So newspapers, maybe digital isn’t the answer to all of your problems.
Coming from Clark Gilbert, widely considered local media’s point man on the bleeding side of the digital cutting edge, this message might initially give publishers pause.
But Gilbert, CEO of Salt Lake City’s Deseret Digital Media and Deseret News Publishing Co., says while newspapers need to keep one eye fixed on the digital and disruptive side of their business, another must remain locked on the legacy core.
“Transforming your organization in the face of a disruption requires two transformations,” Gilbert told publishers meeting for the Local Media Association’s fall conference. “The strategy, tactics, thinking and logic is just going to be different for both.”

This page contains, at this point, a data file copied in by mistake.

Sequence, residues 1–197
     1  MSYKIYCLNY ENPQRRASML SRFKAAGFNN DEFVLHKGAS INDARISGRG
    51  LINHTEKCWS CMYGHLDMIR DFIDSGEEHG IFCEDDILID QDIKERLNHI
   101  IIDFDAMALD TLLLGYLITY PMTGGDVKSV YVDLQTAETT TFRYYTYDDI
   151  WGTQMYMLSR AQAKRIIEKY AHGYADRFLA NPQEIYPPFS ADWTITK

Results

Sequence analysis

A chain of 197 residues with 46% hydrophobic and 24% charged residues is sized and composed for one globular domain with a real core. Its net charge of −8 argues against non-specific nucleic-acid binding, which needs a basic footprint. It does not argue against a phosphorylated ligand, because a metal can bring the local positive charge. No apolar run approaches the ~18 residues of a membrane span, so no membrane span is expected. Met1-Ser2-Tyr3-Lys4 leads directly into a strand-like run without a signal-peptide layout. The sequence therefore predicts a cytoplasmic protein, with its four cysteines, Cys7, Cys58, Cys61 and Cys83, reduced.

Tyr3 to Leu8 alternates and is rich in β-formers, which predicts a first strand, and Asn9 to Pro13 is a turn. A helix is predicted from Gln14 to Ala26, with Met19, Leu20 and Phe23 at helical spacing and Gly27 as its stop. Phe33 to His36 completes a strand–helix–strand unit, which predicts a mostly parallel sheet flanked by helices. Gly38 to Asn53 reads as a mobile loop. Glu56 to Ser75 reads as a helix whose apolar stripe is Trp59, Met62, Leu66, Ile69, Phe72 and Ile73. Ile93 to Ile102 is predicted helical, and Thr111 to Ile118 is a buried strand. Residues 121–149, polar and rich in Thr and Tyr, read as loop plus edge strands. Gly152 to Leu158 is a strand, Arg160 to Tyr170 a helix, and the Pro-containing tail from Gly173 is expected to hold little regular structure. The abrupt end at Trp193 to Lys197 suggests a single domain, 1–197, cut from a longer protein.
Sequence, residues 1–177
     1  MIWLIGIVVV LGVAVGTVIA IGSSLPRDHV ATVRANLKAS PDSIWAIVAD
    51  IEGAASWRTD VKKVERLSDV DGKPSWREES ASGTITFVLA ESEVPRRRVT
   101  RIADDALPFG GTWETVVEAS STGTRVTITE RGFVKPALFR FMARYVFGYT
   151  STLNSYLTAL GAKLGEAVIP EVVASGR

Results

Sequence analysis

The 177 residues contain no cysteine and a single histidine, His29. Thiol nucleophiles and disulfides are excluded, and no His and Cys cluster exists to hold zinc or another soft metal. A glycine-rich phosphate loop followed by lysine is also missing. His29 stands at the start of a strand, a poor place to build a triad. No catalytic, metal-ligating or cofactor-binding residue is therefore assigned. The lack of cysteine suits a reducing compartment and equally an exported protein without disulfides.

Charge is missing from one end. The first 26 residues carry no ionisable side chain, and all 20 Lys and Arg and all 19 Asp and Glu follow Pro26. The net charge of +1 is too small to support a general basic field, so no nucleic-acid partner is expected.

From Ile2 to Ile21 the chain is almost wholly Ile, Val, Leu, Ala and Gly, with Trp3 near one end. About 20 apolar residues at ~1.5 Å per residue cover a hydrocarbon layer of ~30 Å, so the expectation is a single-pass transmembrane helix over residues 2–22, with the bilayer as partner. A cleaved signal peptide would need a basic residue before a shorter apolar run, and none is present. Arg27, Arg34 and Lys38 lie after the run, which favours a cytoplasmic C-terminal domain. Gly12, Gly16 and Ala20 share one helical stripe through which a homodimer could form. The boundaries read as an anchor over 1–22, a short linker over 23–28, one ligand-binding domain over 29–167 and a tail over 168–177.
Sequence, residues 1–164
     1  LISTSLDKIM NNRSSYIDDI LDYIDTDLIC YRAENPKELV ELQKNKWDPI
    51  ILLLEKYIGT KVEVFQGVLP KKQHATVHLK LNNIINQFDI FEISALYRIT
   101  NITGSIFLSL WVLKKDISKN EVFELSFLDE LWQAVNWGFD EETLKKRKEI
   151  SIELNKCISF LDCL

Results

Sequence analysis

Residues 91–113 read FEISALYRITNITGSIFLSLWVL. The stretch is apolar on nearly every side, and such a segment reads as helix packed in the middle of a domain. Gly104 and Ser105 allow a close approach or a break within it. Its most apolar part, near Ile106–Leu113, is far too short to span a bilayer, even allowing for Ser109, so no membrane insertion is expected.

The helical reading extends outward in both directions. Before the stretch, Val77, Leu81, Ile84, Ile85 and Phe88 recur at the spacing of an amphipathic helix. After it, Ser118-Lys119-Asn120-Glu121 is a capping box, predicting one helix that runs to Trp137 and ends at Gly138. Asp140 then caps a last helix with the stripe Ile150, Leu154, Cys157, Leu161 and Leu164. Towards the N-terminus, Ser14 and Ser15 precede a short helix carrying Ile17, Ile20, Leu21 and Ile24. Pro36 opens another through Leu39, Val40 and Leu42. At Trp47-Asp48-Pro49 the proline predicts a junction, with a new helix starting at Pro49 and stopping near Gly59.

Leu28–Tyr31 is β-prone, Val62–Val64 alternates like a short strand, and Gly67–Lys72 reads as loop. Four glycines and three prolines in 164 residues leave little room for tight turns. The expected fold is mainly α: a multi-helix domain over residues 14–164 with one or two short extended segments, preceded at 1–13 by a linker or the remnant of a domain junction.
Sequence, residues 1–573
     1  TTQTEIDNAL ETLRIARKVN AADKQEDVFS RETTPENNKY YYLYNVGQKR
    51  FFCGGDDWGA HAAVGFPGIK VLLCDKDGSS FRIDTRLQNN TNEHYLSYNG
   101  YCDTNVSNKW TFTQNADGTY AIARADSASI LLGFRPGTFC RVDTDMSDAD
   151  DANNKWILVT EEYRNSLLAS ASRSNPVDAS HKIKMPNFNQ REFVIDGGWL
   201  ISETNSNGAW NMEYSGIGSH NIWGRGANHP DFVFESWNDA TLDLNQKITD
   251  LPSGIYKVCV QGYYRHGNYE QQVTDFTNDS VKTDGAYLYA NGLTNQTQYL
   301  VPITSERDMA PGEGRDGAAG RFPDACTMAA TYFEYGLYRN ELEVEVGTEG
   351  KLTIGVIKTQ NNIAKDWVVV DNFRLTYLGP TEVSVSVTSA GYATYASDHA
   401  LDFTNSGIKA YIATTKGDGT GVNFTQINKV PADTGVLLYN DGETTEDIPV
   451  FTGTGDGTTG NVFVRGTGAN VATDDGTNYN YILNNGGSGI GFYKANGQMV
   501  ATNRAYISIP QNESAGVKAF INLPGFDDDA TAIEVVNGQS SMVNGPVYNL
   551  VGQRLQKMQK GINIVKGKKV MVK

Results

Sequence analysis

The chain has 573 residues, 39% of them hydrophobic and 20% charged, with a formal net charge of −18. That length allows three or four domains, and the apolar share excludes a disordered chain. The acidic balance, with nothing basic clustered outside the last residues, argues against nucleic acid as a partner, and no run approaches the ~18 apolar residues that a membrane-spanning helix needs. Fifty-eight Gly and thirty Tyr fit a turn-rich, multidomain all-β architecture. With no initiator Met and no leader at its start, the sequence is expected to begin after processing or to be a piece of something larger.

Even as the media whirls forward with digital experimentation, there’s still a conventional job to be done, Gilbert says, espousing a tactical approach that equally considers both tasks via separately-focused teams and smaller ad hoc teams to work between them.
Gilbert broke down his approach from content and revenue perspectives.
For the core business, he says step-change reductions in content costs are absolutely necessary; newsrooms simply need to trim down further wherever they still can.
“Put yourself in the shoes of an advertiser” just trying to reach an audience, he says. “These are hardworking people. Their job is not to subsidize our business.”